Islamabad: British High Commission Visa Section

– in the House of Lords at 2:30 pm on 18th October 2004.

Alert me about debates like this

Photo of Lord Ahmed Lord Ahmed Labour 2:30 pm, 18th October 2004

asked Her Majesty's Government:

What progress has been made towards improving the efficiency of the service provided by the visa section in the British High Commission in Islamabad, Pakistan.

Photo of Baroness Crawley Baroness Crawley Government Whip, Baroness in Waiting (HM Household) (Whip)

My Lords, the visa section in Islamabad closed in May 2002 in response to security concerns. Since then we have worked towards the restoration of a full service. On 4 May 2004, the visa service was extended to all applicants except those applying as working holidaymakers. Because of exceptionally high levels of demand, a restriction has again had to be imposed. Applications from first-time visitors under the age of 25 are not currently being accepted. Her Majesty's Government are working hard to restore a full service as soon as possible, including by increasing the number of entry clearance officers.

Photo of Lord Ahmed Lord Ahmed Labour

My Lords, I thank my noble friend the Minister for her reply. Is my noble friend aware that our visa section in Islamabad is the most under staffed and under-resourced yet the most profitable in terms of the income generated from visa applications? Does she agree with me that the visit visa waiting time is unacceptably long and that an urgent review is needed to improve this service? Will Her Majesty's Government undertake to investigate claims of alleged unscrupulous agents who are selling false documents and who are colluding with Gerry's FedEx staff? This is making it difficult for genuine visitors and is giving a bad name to Pakistan.

Photo of Baroness Crawley Baroness Crawley Government Whip, Baroness in Waiting (HM Household) (Whip)

My Lords, as my noble friend will know, as he takes a great and detailed interest in the situation in Islamabad, the situation there is under constant review with the aim of restoring a full service in all categories as soon as circumstances allow. UK visas, the directorate that runs the visa department, has recently increased the number of entry clearance officer slots posted in Islamabad but it will take time to get staffing right. Both staffing numbers and productivity have increased. We are committed to offering customers in Pakistan the best service possible. Islamabad is currently accepting applications in all categories except for those under 25 applying as first-time visitors and working holidaymakers. Islamabad is handling 900 to 1,000 applications a day, equivalent to 220,000 a year, which is up from 120,000 last year. As regards the allegations of wrong-doing that my noble friend mentioned, if he will give me evidence, I shall certainly take it up with the department.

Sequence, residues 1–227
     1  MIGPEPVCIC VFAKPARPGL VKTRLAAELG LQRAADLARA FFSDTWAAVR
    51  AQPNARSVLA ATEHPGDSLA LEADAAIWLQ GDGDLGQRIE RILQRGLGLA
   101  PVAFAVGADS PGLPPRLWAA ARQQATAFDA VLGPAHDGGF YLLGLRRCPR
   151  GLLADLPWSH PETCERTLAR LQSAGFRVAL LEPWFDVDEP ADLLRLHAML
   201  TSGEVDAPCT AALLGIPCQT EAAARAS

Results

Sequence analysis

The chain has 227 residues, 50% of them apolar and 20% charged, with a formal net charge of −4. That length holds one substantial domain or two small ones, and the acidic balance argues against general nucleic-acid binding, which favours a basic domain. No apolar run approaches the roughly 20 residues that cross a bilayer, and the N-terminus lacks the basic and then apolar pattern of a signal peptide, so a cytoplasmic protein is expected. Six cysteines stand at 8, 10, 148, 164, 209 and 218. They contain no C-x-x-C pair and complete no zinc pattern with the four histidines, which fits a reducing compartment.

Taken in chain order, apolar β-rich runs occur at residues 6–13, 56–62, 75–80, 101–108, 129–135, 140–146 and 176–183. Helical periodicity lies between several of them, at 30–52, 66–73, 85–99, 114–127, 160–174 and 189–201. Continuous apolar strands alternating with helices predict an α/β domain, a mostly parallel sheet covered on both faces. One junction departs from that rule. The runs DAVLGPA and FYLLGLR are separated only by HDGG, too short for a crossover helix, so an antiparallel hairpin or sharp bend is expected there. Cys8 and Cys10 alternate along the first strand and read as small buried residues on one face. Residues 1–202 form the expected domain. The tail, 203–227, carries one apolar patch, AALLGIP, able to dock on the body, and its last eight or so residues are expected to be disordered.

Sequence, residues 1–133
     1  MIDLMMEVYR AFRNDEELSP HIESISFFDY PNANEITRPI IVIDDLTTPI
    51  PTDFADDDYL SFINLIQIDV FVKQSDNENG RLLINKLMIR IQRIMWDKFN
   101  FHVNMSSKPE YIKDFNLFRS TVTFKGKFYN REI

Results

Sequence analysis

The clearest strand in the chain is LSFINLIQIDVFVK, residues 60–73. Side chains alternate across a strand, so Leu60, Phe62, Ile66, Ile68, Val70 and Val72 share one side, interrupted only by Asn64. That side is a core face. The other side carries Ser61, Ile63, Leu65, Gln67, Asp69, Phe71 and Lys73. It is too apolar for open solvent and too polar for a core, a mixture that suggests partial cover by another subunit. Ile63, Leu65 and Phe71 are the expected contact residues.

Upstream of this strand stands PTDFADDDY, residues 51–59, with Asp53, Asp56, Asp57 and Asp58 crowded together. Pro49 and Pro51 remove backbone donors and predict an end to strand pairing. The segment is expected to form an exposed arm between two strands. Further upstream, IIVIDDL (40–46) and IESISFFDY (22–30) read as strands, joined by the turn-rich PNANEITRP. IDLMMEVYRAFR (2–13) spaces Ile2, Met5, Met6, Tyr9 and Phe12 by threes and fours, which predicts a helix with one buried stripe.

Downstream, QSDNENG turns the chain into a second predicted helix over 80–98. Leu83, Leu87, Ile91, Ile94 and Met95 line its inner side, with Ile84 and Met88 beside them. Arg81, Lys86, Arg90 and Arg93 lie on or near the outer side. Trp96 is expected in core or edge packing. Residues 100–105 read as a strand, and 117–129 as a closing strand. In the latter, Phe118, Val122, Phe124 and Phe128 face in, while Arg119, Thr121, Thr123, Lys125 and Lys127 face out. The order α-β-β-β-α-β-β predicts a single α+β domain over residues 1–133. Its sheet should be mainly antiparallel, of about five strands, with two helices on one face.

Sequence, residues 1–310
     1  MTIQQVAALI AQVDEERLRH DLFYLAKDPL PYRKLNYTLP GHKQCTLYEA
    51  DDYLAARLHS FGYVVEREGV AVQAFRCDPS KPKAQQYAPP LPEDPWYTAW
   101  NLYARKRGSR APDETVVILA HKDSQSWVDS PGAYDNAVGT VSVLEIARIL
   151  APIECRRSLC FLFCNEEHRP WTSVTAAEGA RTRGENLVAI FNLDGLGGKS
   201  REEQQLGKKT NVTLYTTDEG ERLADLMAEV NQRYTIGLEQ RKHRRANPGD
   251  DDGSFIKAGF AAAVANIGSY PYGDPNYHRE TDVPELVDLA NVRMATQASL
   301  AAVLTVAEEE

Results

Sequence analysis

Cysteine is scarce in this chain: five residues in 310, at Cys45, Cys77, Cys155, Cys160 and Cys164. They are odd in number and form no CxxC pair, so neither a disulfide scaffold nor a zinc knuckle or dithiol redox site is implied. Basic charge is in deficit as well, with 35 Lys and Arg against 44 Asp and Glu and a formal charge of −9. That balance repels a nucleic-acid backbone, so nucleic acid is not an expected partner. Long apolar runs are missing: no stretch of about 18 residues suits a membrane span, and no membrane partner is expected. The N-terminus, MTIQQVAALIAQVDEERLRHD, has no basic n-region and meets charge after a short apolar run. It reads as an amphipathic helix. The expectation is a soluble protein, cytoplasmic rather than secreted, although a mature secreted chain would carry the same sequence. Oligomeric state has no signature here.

Photo of Baroness Falkner of Margravine Baroness Falkner of Margravine Liberal Democrat

My Lords, does the Minister agree that suspension of visa facilities for people under 25 sends a very adverse signal to a fellow Commonwealth country at a time when soft diplomacy and friendship should be the way that we approach our relations with Pakistan? Does the Minister also agree that the problems in Islamabad are compounded by the fact that consular services in Lahore—a city of more than 7 million people with a geographical proximity to many areas where visitors to the UK, particularly family visitors, would be coming from—have still not been re-established, and that that is part of the problem in Islamabad?

Photo of Baroness Crawley Baroness Crawley Government Whip, Baroness in Waiting (HM Household) (Whip)

My Lords, I thank the noble Baroness for her question. As she will know, applications from those under 25 who have not travelled before are highly resource intensive because they all need to be interviewed. That is why there is a restriction on that category. About half of those applications are refused as they fail to meet the requirements of the Immigration Rules. That is the problem with that category. However, we hope to reintroduce applications in that category as soon as possible. The noble Baroness will know that the visa office in Lahore was situated in a hotel which posed a real security problem for our staff there. However, she will also know that the Karachi office has now reopened and that there is a limited service there. As I said to my noble friend, we hope to be able to reopen a full service as soon as possible. We welcome all genuine applications to the United Kingdom and there is no limit on the number of people who wish to apply.

Photo of Lord Tomlinson Lord Tomlinson Labour

My Lords, does my noble friend agree that a very large number of people under 25—the category that she says are automatically refused—will be seeking to undertake their higher education in the United Kingdom? Is it not completely regrettable that we are saying to people from Pakistan—this seems to be the gist of my noble friend's Answer—that they cannot receive their higher education in this country, or are separate arrangements made for students?

Photo of Baroness Crawley Baroness Crawley Government Whip, Baroness in Waiting (HM Household) (Whip)

My Lords, I reassure my noble friend that separate arrangements are being made for students. Islamabad has just been through the peak period for student visas. Demand for student visas has been twice that of last year. Resources were, therefore, shifted to deal with this increased demand so that students would be able to arrive for the beginning of the academic year. I hope my noble friend will be pleased to hear that a dedicated student task-force in Islamabad works with FedEx and with the British Council and seven accredited agents to fast-track the most genuine student applications within seven days.